Column by Buck Harvey
LOS ANGELES — They didn’t like Kawhi Leonard Saturday. They were in awe of him.
A few members of the Spurs’ brass stood in a Staples Center hallway trying to find the proper superlative. And, fitting of Leonard, the best compliment was a non-verbal one.
A Spurs official put his hand in front of his face, then lowered it slowly, to show the universal sign for expressionless cool.
That was Leonard, the rookie, on the road, with the Spurs being crushed in the first half.
“He might have been,” the official said, “the steadiest on the floor.”
He might have been the best Spur, too, and that brings up something that should have been understood long ago by people who insist on comparing him to Bruce Bowen. Leonard isn’t Bowen.
Leonard has twice the talent. He can rebound, muscle, dribble and pass. Bowen struggled with all four.
And while Bowen needed time to find a place in the league at age 30, Leonard is there at 20.
Add to that what Bowen did so well, such as shoot the corner three and play defense, and the package is rare. It was all on display Saturday, when Leonard alternated between chasing Chris Paul and bumping with Blake Griffin.
“He’s the one guy nobody ever talks about,” Manu Ginobili said afterward. And maybe he’s also the reason many don’t understand where this 17-in-a-row success has come from. The Spurs have found a young, long, efficient athlete who fills a position that has been lacking since, well, Bowen left.
His composure might be his most impressive trait. Leonard grew up in the area, so he had family and friends here, and yet he reacted to the early rout by not reacting.
“I don’t think he ever gets excited,” Tim Duncan said Saturday. “He’s absolutely even keel the entire time. I think he’s even more mellow than me, if that’s possible.”
Duncan consciously works to keep a poker face. Leonard is a natural.
And it’s not that Leonard has an absence of expression; it’s what is there in place of one. Leonard has permanent sorrow, the look of a sad clown, and it rarely changes.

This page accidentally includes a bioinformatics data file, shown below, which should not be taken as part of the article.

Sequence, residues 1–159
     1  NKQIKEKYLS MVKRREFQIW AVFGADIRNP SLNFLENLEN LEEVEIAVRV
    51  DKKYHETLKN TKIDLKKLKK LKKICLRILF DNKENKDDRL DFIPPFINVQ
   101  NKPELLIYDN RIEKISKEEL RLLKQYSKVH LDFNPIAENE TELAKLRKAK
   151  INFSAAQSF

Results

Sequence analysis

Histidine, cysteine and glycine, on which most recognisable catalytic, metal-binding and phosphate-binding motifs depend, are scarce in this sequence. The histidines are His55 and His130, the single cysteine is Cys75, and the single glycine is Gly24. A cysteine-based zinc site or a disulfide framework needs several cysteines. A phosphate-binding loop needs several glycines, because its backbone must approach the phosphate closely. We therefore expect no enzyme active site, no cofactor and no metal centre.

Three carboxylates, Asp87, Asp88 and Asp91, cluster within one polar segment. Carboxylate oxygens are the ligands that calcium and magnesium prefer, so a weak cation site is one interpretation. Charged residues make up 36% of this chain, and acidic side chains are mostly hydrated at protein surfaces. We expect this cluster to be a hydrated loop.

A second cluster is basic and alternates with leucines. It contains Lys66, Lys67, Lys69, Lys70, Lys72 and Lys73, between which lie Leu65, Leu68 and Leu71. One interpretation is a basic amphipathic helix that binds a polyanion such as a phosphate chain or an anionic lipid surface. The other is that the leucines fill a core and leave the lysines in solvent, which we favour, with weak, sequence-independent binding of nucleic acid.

He was the same after the game Saturday, when the media surrounded him and asked how he thought he did against Griffin.
“I think I did pretty well,” he said, while his faced suggested he had failed miserably.
He never talks to refs, which is smart for a rookie, and he doesn’t say much to his teammates, either. But, according to Stephen Jackson, Leonard has a favorite expression.
The Spurs needed exactly that Saturday. Leonard sat down late in the first quarter after the Clippers jumped out to a 23-9 lead. By the time he came back, the Spurs were losing by 21.
Gregg Popovich later repeated what he often says, that these early leads always scare coaches, because the games are “so doggone long.” But how doggone long would Popovich have stuck with his starters had the Clippers kept their lead?
With another game tonight, Popovich might have been one quarter away from conceding.
So what happened at the end of the first half mattered, and Leonard started it. He hit a runner. Then, after Tony Parker missed, Leonard kept the rebound alive. The basketball fell into Duncan’s arms, and he got the score.
Grind hard, all right.
By the end of the half, the sense was that the Spurs were in control. ?Leonard took that further to start the third quarter, with a three and later a steal that set up a Parker layup.
How the Spurs pulled even: A three-point play inside by Leonard.
“Kawhi sure does not look like a rookie,” Popovich said at a news conference.
And outside the room, standing in the hallway, a Spurs official put his hand in front of his face, then lowered it slowly.
SPURS VS. CLIPPERS
(Spurs lead best-of-seven series 2-0)
Game 4: Sunday, @Clippers, 9:30 p.m., TNT
* Game 5: Tuesday, @Spurs, TBA, TNT
* Game 6: Friday, @Clippers, TBA, ESPN
* Game 7: May 27, @Spurs, TBA, TNT
* If necessary